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Book Bites: 26 August

Published in the Sunday Times

Perfect Death *****
Helen Fields, HarperCollins, R215

A naked girl freezes to death on a wintry hillside, but her killer doesn’t enjoy the actual murder. He is sustained by the grief of those who loved the victim. Readers are soon inside the head of the serial killer, and stay a step ahead of Edinburgh cop Luc Callanach. He has complex feelings for Detective Chief Inspector Ava Turner. She’s equally disturbed by the sexual tension, but both keep their guard up as deaths multiply, and police corruption emerges. The tale accelerates to a violent climax and a twist ending. It weaves a bright new thread into the school of “tartan noir” police procedurals and follows two bestsellers: Perfect Remains and Perfect Prey. Tom Learmont

The Tall Man **
Phoebe Locke, Headline, R265

According to a Daily Express quote on the jacket, Locke’s novel is the “must-read summer chiller”. But the only chills I felt while reading this “thriller” was that of Joburg’s winter. The premise is simple: in the early ’90s three girls pledge their devotion to a mysterious figure known as (yes, you guessed it) the Tall Man. This man (who is lank tall. Like, we get it) promises to make these girls “special”. Fast-forward a few decades where the disappearance of a young mother (in 2000) and a brutal murder possibly committed by a teenage girl (in 2018) might just be linked to that one fateful night in an English forest in 1990. The plot drags and Locke’s incessant references to the Tall Man’s height and pseudo-supernatural allusions make this a tiring and confusing read. Mila de Villiers @mila_se_kind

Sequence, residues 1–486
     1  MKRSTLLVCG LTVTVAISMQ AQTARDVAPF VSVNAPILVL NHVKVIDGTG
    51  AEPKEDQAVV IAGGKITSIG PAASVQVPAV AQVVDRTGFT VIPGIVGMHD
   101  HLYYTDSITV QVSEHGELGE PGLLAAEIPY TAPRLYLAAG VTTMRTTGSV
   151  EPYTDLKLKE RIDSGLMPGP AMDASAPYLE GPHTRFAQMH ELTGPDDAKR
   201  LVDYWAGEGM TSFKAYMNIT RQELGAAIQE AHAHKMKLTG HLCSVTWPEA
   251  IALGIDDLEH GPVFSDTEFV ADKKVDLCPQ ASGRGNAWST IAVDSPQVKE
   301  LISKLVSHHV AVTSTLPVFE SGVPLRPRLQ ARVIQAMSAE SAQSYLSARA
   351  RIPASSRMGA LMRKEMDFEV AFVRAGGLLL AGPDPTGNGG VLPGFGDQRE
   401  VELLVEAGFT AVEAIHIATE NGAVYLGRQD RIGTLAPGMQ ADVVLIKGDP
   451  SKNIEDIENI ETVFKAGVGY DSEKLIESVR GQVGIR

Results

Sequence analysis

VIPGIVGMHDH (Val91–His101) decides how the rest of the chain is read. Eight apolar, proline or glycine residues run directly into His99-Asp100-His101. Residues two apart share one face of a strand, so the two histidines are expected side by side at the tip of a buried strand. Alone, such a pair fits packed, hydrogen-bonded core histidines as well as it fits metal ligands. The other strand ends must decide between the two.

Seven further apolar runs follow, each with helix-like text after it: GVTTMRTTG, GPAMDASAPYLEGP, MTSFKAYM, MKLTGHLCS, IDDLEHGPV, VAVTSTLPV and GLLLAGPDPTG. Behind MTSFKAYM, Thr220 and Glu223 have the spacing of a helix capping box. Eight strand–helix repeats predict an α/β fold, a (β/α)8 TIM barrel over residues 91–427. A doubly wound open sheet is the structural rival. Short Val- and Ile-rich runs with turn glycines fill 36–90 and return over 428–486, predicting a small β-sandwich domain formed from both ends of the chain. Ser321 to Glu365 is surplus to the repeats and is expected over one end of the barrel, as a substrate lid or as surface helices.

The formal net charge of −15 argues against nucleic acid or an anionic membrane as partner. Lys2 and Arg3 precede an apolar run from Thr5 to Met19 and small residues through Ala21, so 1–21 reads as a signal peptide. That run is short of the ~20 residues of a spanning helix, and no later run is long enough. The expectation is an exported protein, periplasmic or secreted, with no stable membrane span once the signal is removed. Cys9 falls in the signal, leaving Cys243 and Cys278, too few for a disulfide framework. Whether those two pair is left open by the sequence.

The Anomaly ****
Michael Rutger, Bonnier, R265

Nolan Moore, host of a struggling online reality show investigating archaeological anomalies, leads his crew to a mythical cavern deep in the Grand Canyon, using a century-old newspaper clipping as his guide. In a scenario horror fans know all too well, once Nolan and co are deep inside the cave, rejoicing at their scoop, it all begins to go pear-shaped. Within hours, they are trapped deep under the earth with almost no food, light or water. Then they realise they are not alone … And the plot deteriorates into absurdity – with murders, monsters, and betrayals. But the writing is superb; sharp, witty and intelligent, with refreshingly good grammar. Think one of the more ludicrous episodes of the X-Files, but scripted by Oscar Wilde. Aubrey Paton

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